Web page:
Georgia’s Willy Sagnol gives perfect reply to critics with run at Euro 2024

It was known long before the press conference Willy Sagnol gave after Georgia’s defeat by Turkey that the French manager did not suffer fools gladly. What was not so well known was his remarkable command of colloquial English. “Twats,” he said of those who had criticised his team selection back home (more about which later). Then he said it again, with impeccable timing, before apologising – after a fashion – for the “tone” of his answer. The smile which accompanied the apology left no doubt.

Perhaps it was to be expected from a man who had to survive – and flourished – in the environment of Bayern Munich at the height of their “FC Hollywood” era, when he was an automatic starter at right-back for the team that won one Champions League, five Bundesliga titles and four German Cups between 2001 and 2008. “I played nine years for a club where punches were regularly thrown in the dressing room,” he once said. “That didn’t prevent us from winning a lot of things.”

‘We made it’: Georgia celebrates after team’s historic Euro 2024 progression – video

Perhaps it has to do with his own trajectory too. The career Sagnol had in mind in his early teens had nothing to do with football: he dreamed of becoming a police detective. He would look the part, it must be said. His features, his haircut, his speech wouldn’t look out of place in Spiral. Commissaire Sagnol, yes. But he was just too good to be ignored, and his Saint-Étienne manager Dominique Bathenay had no hesitation about giving him his debut for Les Verts against arch-enemy Lyon when Sagnol was 18. All his youth coaches concur: if one thing set Sagnol apart, it was his absolute determination to succeed, and his unshakeable belief that he would. Not much has changed since those days, it seems.

How Sagnol ended up as Georgia’s coach after a hit-and-miss, stop-start managerial career with Bordeaux and, briefly, Bayern, where he was Carlo Ancelotti’s assistant in 2017, remains something which he himself struggles to explain. He had never set foot in the country. He had decided to turn his back on management for family reasons anyway, vowing to take a job only if it was with a national team, and if it was “a project out of the ordinary”. Then the call came.

The only link Sagnol had with Georgia was with two players of his generation: Levan Kobiashvili, the former Freiburg, Schalke and Hertha Berlin left wing-back and midfielder who collected 100 caps before being elected as president of the country’s federation in 2015, and Aleksandr Iashvili, also formerly of Freiburg, who became the Georgian FA’s vice-chair. They were offering Sagnol a job that not many others would have considered,given that the country, which had never qualified for a major tournament, was trailing Oman, Haiti and Belarus in the Fifa rankings. “It was in the middle of Covid,” he said, “but I liked what they told me, and the idea of building something for the future attracted me. That’s how I landed in a country I knew nothing of.”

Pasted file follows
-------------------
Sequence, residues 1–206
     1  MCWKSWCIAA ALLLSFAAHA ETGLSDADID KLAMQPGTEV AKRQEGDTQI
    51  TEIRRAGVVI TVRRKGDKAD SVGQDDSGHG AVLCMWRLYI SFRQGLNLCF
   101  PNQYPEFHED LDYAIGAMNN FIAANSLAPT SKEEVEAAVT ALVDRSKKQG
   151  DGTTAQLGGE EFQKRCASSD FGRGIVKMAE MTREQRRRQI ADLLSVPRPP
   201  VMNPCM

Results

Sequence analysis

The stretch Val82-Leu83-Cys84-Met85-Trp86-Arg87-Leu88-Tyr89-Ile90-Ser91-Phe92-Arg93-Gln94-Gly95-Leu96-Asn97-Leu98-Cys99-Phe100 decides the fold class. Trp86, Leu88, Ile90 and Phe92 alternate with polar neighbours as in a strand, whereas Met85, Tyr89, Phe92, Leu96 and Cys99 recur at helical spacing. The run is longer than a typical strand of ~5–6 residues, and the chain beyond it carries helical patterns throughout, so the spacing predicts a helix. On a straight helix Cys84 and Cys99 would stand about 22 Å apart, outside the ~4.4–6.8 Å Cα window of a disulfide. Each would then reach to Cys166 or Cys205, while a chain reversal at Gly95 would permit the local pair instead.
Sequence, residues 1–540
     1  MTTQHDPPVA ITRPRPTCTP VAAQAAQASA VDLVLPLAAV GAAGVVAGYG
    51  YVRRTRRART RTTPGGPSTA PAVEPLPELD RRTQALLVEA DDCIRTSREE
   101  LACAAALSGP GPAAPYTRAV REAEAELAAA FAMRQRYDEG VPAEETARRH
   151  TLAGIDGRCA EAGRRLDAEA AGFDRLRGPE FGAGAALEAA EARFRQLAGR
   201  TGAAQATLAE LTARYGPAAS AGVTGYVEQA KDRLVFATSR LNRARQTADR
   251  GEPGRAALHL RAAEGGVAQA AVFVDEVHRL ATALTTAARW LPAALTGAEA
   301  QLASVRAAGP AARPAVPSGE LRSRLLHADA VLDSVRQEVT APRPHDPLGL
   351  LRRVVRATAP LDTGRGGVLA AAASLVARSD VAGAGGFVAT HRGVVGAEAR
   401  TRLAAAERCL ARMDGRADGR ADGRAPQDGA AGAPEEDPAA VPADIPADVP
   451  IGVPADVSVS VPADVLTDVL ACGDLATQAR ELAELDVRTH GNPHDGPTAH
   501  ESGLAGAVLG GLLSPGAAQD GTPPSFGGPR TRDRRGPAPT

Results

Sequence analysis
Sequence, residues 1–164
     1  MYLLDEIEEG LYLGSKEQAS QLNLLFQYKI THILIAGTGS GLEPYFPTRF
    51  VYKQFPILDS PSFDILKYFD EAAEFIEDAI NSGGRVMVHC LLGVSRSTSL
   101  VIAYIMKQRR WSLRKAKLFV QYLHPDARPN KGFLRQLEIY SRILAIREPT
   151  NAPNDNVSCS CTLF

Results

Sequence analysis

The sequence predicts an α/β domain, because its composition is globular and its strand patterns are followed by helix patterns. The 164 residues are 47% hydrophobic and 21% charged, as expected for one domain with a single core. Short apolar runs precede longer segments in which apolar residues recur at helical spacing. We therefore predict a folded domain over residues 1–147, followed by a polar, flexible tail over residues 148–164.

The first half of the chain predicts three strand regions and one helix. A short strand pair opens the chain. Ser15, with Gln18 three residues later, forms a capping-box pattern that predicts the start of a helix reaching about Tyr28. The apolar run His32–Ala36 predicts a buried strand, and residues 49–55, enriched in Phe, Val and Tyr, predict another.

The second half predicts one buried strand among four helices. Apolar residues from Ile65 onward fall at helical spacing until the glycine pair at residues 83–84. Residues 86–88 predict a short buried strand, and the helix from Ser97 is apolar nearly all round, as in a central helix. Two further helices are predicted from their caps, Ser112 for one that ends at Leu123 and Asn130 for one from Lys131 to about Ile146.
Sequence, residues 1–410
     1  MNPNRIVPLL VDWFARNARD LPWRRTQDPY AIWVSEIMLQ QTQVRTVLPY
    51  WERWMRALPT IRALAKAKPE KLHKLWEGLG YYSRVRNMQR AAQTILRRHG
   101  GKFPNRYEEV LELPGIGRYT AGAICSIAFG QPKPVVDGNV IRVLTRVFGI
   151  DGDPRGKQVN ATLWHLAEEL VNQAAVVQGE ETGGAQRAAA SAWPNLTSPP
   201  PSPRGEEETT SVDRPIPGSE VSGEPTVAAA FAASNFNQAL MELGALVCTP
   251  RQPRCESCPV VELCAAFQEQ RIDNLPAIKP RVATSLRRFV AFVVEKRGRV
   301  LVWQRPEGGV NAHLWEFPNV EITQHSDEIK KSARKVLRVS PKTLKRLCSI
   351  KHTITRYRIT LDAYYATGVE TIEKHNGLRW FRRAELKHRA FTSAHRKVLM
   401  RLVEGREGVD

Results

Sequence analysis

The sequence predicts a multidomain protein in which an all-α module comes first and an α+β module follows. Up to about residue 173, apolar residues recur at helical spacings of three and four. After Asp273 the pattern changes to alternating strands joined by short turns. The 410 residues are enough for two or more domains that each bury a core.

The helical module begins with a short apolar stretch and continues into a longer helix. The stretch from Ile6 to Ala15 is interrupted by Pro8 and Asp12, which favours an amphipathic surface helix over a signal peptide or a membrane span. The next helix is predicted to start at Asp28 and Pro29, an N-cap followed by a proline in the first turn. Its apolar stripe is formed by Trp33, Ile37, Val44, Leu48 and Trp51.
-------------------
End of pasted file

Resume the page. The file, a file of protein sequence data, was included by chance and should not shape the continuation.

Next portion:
Georgia’s Georges Mikautadze celebrates scoring his penalty against Portugal. Photograph: Martin Meissner/AP

He has spent most of his time there since his appointment, roughly seven months out of 12 in his own estimation, criss-crossing Georgia on a shoestring (“here, each euro counts”) to watch players in Batumi and elsewhere, trying to absorb as much of the small nation’s culture as he could. This didn’t go unnoticed by local fans. Foreign managers formerly employed by the Georgian FA, such as Hector Cúper, Alain Giresse and Klaus Toppmöller, tended to fly in and fly out of the country; Sagnol would do things differently, “out of respect for the people of the [Georgian] federation, but also because I told myself that it would help us save time, and allow us to avoid failing in terms of communication”.

This proved a shrewd move, because Sagnol’s first months in the job tested the patience of his employers to the limit: they lost seven of his first nine games, six of them qualifiers for the Qatar World Cup. Their trust was rewarded, though, and a 2-0 defeat at home by Greece on 9 October 2021 was to be Georgia’s last for more than a year. And now, this. The first qualification for a major tournament. A last-16 game against Spain. No wonder Sagnol is a national hero in his adopted country.

Or is he? Not according to the “twats” who are convinced that Sagnol has been following orders from Kobiashvili, also an MP for the ruling Georgian Dream Party. This, they insinuate, is the reason why striker Budu Zivzivadze, who scored both of Georgia’s goals in their playoff against Luxembourg in March, has been ignored – save a five-minute cameo against Turkey – by his coach.

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Georges Mikautadze profile

His crime? Speaking out against a law against “agents of foreign influence” passed by parliament in May, which has triggered mass demonstrations in Tbilisi and elsewhere, and describing Russia as “an enemy state not just for Georgia, but for almost everybody”. Sagnol had an easy retort that the player preferred to “Budu”, Georges Mikautadze, who had a marvellous end of the season in Ligue 1 with Metz (11 goals in his last 12 games), was the only one of the 622 players taking part in Euro 2024 to have scored in all the games in which he had played.

The criticism will have stung, however, and it wouldn’t come as a complete surprise if, should Georgia bow out of Euro 2024 on Sunday night, Sagnol decided that his Georgian adventure had run its course, before he has time to have regrets. Whatever happens will have happened on his terms and will have been worth living. Nothing else has ever mattered to him.

The Guardian